"Bangladesh has been battered by the surge in global food and fuel prices, which have led to dwindling foreign exchange reserves and lengthy power outages, among other problems," said a report published in Deutsche Welle on 5 August.
It continued: "Bangladesh recently became the third country in South Asia, after Pakistan and Sri Lanka, to seek financial support from the International Monetary Fund (IMF) this year. Dhaka is now reportedly also seeking assistance from the World Bank and the Asian Development Bank to overcome the economic challenges it has been facing in recent months."
Can Bangladesh ensure a soft landing? – The Stateman
An article published in The Statesman on 11 August says, "By ignoring long-standing issues in the pursuit of growth, suddenly the country is back to the era of rolling power cuts, with the taka and the forex reserves under pressure."
"The challenge ahead is to pilot Bangladesh's economy to a soft landing. Like much of the world, Bangladesh's economy is facing strong headwinds and turbulence. High oil, LNG, cooking oil and food prices, and an overvalued foreign exchange rate, increased the import bill in the last year to $84 billion, the trade deficit to $32 billion, and the current account deficit to $17 billion – all record-breaking numbers," it adds.
Moody's Says Pressure on Bangladesh Rising But Crisis Risk Low – Bloomberg
Bloomberg on 28 July published an article regarding the financial pressure Bangladesh is facing.
"The pressure on Bangladesh's economy is building, even though the nation's default risk is low, according to Moody's Investors Service," the report starts.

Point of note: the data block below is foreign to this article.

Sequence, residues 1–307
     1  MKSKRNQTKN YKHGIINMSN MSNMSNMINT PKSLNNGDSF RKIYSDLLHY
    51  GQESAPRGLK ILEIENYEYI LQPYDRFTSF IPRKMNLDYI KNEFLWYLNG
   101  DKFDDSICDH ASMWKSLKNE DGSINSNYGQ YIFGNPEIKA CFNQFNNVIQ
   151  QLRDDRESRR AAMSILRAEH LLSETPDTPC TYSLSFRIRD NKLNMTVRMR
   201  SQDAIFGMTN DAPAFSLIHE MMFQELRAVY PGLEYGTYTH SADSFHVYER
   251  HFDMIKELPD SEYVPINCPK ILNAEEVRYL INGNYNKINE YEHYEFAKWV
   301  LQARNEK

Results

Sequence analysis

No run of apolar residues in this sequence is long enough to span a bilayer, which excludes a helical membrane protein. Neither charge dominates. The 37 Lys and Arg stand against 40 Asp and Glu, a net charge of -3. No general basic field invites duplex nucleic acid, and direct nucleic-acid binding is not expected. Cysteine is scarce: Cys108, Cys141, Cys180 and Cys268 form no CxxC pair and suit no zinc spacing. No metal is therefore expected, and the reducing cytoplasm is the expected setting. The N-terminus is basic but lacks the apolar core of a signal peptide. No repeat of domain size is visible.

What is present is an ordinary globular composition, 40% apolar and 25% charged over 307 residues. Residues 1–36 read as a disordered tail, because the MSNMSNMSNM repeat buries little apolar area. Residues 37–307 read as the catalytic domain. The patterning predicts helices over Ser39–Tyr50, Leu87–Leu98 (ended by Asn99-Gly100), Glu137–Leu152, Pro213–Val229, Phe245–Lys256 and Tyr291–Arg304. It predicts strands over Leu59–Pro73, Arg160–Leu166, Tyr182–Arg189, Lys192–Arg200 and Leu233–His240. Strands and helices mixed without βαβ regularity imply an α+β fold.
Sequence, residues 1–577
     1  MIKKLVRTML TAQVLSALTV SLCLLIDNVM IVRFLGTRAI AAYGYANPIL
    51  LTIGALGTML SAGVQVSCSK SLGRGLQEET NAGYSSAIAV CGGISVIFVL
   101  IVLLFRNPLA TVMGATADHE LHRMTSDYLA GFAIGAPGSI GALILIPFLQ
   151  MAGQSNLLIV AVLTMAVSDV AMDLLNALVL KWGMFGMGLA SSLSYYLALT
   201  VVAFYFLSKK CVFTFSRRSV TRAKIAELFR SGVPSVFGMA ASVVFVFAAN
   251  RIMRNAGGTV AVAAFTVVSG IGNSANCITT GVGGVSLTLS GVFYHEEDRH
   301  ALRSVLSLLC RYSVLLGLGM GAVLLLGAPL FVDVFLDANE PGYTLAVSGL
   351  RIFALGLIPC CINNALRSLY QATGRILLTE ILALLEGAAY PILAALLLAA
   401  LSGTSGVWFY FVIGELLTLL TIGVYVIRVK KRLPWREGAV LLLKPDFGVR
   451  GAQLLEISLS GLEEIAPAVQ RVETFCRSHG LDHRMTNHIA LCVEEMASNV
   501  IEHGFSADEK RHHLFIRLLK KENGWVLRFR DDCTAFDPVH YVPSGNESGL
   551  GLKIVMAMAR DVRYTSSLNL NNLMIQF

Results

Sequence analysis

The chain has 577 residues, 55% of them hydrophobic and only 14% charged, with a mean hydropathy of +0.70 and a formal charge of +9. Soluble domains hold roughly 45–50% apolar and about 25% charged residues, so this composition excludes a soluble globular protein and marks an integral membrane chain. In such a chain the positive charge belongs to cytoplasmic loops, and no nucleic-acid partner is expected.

"The main message is that although foreign-exchange reserves have dropped lately – this is from high levels, and the sovereign's external vulnerability indicator is low," it said citing Camille Chautard, a sovereign analyst at Moody's in Singapore.
Why Bangladesh, one of fastest growing economies, is seeking IMF loan – Arab News
In a news published on 28 July, Arab News described Bangladesh as "one of the fastest growing economies."
"Bangladesh, one of the fastest growing economies, has joined others in the South Asian region to seek a loan from the International Monetary Fund, a move experts say is aimed at creating a buffer in its reserves to prevent a crisis situation faced by other regional countries," it adds.
According to the report, "globally rising food and fuel prices have put a strain on its balance of payments and the current account deficit."
Bangladesh fuel prices: 'I might start begging in the street' - BBC
BBC on 14 August published a report regarding the economic sitation in Bangladesh.
"Bangladesh, one of the world's fastest-growing economies, has raised fuel prices by more than 50% in just a week. It blames rising oil prices in the wake of the war in Ukraine. Thousands of people have taken to the streets in protest, as another South Asian nation faces a growing financial crisis," the report said.
"Like many other countries, Bangladesh has been at the sharp end of the global rise in oil prices in the wake of Russia's invasion of Ukraine," it added.